SDS-PAGE analysis of rhFGF21 expression following ultrasonication. Total cell protein (TCP), supernatant, and pellet fractions from B. subtilis strains that overexpressed different chaperones at incubation of 24 h were run. Strains B. subtilis CHAP1, CHAP2, CHAP3, CHAP4, CHAP5, CHAP6, CHAP7, CHAP8, CHAP9, CHAP10, and CHAP11 overexpressed blsecA, csaA, dnak, ffh, ftsY, groESL operon, prsA, qssecA, scr, SRP, and yrdF, respectively. The molecular weight of mature rhFGF21 is about 27 kDa. Column M: molecular weight marker. The strains 1A751C and CIS5 served as negative and positive controls

Enhancing stability of secreted rhFGF21 by knocking out extracellular proteases

During the post-log phase in B. subtilis growth, the bacteria express and secrete large amounts of protease, making secreted heterologous proteins difficult to accumulate due to protease hydrolysis [46, 47]. Therefore, knocking out extracellular proteases was deemed to be crucial for heterologous protein expression and secretion in B. subtilis. Since the host strain B. subtilis 1A751 is already deficient in two major extracellular proteases (nprE and aprE) [17], we knocked out the remaining six genes that express extracellular proteases in B. subtilis 1A751: bpr, epr, htrA, mpr, nprB, and vpr, to protect the target protein rhFGF21 from protease degradation. Then, we chose the pDF3 and pMATEFc5 plasmids and transformed them into this protease-deficient strain Kno6 using the “Paris Method” which is described in “Methods” section, resulting in the recombinant strain Kno6cf. After 24 h flask fermentation supplied with 0.2% (w/v) maltose, cultures of Kno6cf strain were harvested to perform SDS-PAGE to determine rhFGF21 secretion level. The 1A751C and CHAP3 strains served as negative and positive controls, respectively. As shown in Fig. 5, compared to the CHAP3 strain, the extracellular proteases deficient strain Kno6cf successfully secreted the mature rhFGF21 protein (25 KDa) processing from the rhFGF21 precursor, while no target protein was observed in the CHAP3 strain culture medium. These results illustrate that the target protein rhFGF21 is prone to be degraded by extracellular proteases and that a protease-deficient strain is necessary for maintaining the stability of mature secreted rhFGF21.
Fig. 5

SDS-PAGE analysis of expression of six extracellular proteases deficient strain Kno6cf in culture medium following 24 h incubation. The molecular weight of mature rhFGF21 is about 25 kDa. Column M: molecular weight marker. The strain 1A751C served as negative control

Enhancing secretion efficiency of rhFGF21 by screening different signal peptides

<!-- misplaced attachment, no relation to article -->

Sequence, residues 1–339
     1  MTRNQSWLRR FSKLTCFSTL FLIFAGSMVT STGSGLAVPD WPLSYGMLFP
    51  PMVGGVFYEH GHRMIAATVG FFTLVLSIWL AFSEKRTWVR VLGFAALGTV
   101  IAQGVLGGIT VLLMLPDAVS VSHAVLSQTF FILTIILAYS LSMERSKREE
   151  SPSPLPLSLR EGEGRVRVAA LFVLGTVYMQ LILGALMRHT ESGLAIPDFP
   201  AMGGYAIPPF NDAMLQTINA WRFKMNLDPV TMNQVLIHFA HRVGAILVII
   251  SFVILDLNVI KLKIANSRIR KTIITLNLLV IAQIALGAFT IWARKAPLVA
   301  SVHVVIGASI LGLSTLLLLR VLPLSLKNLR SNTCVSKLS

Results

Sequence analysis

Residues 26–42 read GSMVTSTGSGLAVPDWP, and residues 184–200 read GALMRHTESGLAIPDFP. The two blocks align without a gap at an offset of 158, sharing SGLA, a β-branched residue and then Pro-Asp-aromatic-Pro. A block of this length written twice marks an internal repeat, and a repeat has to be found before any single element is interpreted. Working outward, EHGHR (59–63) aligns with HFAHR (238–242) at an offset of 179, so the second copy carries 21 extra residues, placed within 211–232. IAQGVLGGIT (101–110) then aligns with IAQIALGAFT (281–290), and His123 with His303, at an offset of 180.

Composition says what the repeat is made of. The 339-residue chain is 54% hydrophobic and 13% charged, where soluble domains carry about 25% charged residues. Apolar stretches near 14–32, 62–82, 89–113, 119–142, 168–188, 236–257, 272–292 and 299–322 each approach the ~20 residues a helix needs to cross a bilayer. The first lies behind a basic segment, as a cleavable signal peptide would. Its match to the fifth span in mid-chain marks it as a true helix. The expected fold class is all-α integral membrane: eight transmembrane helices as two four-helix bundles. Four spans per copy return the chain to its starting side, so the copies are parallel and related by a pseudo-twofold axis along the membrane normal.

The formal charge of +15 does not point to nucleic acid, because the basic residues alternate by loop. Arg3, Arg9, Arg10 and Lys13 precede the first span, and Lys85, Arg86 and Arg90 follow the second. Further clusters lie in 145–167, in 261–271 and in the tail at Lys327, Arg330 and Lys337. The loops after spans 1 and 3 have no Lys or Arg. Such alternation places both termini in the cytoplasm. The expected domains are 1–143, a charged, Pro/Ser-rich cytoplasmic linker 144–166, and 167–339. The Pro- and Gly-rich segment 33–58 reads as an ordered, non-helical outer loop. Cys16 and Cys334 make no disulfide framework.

In general, to secrete rhFGF21 directly into the extracellular medium, it is necessary to screen for suitable signal peptides that function well in B. subtilis. In B. subtilis, the export of protein is generally accomplished by the Sec or Tat secretion system. When a target protein is fused to an N-terminal secretion signal known as a signal peptide, it can be recognized and translocated by the Sec or Tat machinery through the membrane into the extracellular medium [48]. To analyze the effect of different signal peptides, eleven signal peptides were screened in B. subtilis (Table 3), which were reported to highly direct the secretion of different enzymes [16]. They belong to the general secretory (Sec) pathway (SPpel, SPlipA, SPprotA, SPywmC, SPdacB, SPnprE, SPyddT, SPyoqM, SPyvcE) and the twin-arginine translocation (Tat) pathway (SPphoD, SPywbN) [49, 50]. Different signal peptide fragments were amplified and cloned between PmalA and the rhFGF21 gene in pMATEFc5. These plasmids were then transformed into the recombinant strain Kno6k, which overexpressed the dnaK operon, resulting in the following strains: Kno6csp1 (SPphoD), Kno6csp2 (SPpel), Kno6csp3 (SPywbN), Kno6csp4 (SPlipA), Kno6csp5 (SPprotA), Kno6csp6 (SPywmC), Kno6csp7 (SPdacB), Kno6csp8 (SPnprE), Kno6csp9 (SPyddT), Kno6csp10 (SPyoqM) and Kno6csp11 (SPyvcE). For secretory expression test, different strains were grown in 250-mL Erlenmeyer flasks containing 25 mL SR medium at 37 °C for 24 h, maltose was added to a final concentration of 0.2% (w/v) to induce the expression of rhFGF21. The recombinant strain Kno6cf (pMATEFc5 and pDF3) that the rhFGF21 was leading by a signal peptide SPpelB was used as a positive control. We harvested the fermentation medium to obtain samples for SDS-PAGE analysis, and the results are shown in Fig. 6a. We found most of the recombinant strains could secrete rhFGF21 into the culture medium, and a band in accordance with the theoretical molecular weight of the mature protein was observed. The relative expression analysis of rhFGF21 was estimated using the Bio-Rad Image Lab Software 5.2.1, as shown in Fig. 6b. Compared to the other eleven signal peptides, a Sec pathway signal peptide SPdacB (Kno6csp7) was the most efficient one for protein secretion. But the two Tat pathway signal peptides (SPphoD, SPywbN) represented the lowest secretion efficiencies, which proved that Tat signal peptides could not successfully lead the rhFGF21 protein secreted to the extracellular medium, and the Tat-pathway is not suitable for our target protein rhFGF21 in B. subtilis. Based on the above observations, we concluded that rhFGF21 was suitable for secretion using the signal peptide SPdacB from the Sec-pathway. As shown in Fig. 6c, the secreted rhFGF21 proteins with His-tag from different strains were further analyzed by western blotting using anti-His antibody as a probe. We examined the secretion fractions of different signal peptides (SPpelB, SPdacB, SPnprE, SPyddT, SPywmC and SPpel) and proved that all of them were well-processing rhFGF21after secreted from B. subtilis.